I want to find a church. Not just a building with a steeple and some pews, but a group of caring people brought together by their belief in a single God and a common good. I’m hungry not just for religion, but for a church family.
Lee and I went to church today. We visited the same church we’ve attended several times in the past few years, and the experience was, as usual, a mixture of the delightful and the dull. The music, while ethereal, at times reminds me of a funeral dirge. The sermons I’ve heard have been intellectual and sound, yet lacking a passion that makes me sit up and take notice.
I never realized how spoiled I was until I went to college. Until then, I’d never been a true visitor in a church. I was either the preacher’s kid in my own church, or the kid of the visiting preacher whenever dad preached at another church. From the moment I stepped inside the doors, people knew who I was and that I was there to stay so they might as well get to know me. I felt the same way. These people would be my church family, after all.
I remember being a little nervous and excited when I went to college because for the first time, I was going to find MY church. Not my family’s church, but MY church. The first time I attended a service, I was struck by the anonymity of being a true visitor. Everyone was nice, polite, some were friendly, but at the end of the service I left feeling rather alone.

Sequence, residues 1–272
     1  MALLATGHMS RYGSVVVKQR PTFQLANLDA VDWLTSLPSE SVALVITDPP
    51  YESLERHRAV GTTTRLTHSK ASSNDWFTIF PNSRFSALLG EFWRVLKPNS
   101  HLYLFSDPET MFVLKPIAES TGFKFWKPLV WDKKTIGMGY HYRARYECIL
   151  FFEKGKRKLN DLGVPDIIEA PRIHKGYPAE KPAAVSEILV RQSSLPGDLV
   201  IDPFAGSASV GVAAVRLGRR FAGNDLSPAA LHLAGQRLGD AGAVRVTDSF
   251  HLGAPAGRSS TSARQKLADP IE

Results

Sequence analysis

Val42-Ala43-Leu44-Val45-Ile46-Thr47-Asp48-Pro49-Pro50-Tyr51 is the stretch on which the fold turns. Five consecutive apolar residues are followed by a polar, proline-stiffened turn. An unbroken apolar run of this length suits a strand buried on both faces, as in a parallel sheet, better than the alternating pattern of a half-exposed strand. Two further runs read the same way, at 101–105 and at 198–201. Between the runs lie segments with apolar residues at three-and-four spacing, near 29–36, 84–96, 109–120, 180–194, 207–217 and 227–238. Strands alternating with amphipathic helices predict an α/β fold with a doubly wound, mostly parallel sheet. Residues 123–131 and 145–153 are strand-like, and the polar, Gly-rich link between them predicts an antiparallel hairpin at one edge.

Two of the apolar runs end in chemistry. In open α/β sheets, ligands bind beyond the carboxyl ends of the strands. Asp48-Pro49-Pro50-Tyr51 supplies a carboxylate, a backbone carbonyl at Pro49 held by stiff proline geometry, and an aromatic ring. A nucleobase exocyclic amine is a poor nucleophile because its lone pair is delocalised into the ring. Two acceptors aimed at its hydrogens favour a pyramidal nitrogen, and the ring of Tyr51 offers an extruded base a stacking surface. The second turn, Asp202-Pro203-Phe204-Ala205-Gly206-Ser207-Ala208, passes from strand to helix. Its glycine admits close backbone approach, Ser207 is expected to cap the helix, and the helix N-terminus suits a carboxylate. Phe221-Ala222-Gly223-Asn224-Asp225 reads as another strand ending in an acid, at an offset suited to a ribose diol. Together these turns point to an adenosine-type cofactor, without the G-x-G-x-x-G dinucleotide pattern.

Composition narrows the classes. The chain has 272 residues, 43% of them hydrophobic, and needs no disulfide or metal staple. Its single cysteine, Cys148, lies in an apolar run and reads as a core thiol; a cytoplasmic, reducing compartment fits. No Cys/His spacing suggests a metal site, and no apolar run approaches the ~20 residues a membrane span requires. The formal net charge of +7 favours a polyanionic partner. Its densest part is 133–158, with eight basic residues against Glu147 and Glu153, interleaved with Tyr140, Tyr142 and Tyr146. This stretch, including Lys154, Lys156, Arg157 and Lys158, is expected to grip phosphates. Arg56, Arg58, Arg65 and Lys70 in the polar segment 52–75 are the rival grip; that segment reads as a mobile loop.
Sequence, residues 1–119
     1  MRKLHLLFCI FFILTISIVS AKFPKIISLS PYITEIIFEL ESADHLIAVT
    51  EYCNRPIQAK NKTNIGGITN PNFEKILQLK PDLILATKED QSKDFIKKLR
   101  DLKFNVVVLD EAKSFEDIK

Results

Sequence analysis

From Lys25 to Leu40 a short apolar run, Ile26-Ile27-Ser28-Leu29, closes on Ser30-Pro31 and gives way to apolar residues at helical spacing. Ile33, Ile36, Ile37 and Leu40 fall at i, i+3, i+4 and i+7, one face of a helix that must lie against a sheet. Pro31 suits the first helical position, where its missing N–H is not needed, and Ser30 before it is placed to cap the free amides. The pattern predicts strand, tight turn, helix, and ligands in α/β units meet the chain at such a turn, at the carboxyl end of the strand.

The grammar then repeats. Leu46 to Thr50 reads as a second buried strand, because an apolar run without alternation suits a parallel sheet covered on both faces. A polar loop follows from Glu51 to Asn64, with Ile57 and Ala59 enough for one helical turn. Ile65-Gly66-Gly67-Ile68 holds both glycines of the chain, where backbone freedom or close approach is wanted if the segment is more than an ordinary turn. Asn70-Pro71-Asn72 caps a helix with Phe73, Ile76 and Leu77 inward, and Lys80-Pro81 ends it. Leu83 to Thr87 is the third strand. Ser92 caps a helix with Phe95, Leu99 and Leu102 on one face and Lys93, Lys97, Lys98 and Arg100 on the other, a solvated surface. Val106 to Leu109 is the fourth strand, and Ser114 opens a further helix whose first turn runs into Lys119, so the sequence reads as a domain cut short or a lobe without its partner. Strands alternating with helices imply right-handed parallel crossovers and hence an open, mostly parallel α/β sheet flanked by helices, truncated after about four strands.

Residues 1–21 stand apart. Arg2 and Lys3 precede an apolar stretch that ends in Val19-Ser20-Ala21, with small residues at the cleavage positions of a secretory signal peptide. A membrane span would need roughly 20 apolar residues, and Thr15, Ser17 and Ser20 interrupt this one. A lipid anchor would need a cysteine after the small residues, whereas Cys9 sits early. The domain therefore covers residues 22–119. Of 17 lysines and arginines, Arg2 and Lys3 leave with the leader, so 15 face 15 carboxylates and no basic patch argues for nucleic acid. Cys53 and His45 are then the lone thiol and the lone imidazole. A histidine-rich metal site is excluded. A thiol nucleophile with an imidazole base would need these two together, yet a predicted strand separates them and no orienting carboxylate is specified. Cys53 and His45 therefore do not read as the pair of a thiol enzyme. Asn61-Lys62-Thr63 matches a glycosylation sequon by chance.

I also discovered something about preachers. They’re not all like my dad. Not only do I love his style, writing, and delivery – I love his beliefs. I found that many churches weren’t as open or accepting, and that was a huge turn off. My excitement about finding MY church turned into a longing for my home church. I didn’t regularly attend in Athens, and just looked forward to visits home when I could be in a church where I belonged.
Now in Savannah, Lee and I have attended a couple of churches. One church sang the old familiar hymns I love, but from the moment the minister began preaching we both knew it wasn’t a fit. The sermon was something from the Old Testament – something about justifying killing people because they were just too sinful to be saved. What?
The church we’ve gone to the most is the one we attended again this morning. Despite the dirge music and sometimes boring sermons, the church does have something else very, very appealing. A spirit of acceptance – even a rebellious acceptance. The church separated from the Southern Baptist Convention and (gasp!) ordained women deacons. Today, just after the service had begun, a mixed race homosexual couple (I think?) came into the church. Instead of lifted eyebrows, they were greeted with smiles. The woman sitting in front of us handed her open hymnbook to them so they could join in. That’s so important to me – a church that is inclusive rather than exclusive. You don’t have to agree with what other people do, but love them anyway and leave the judging to God.
In the end, the beliefs of a church are more important to me than the hymn selection and fervor of the sermon. I’m still homesick for my dad’s church, but maybe I can still find an acceptable substitute.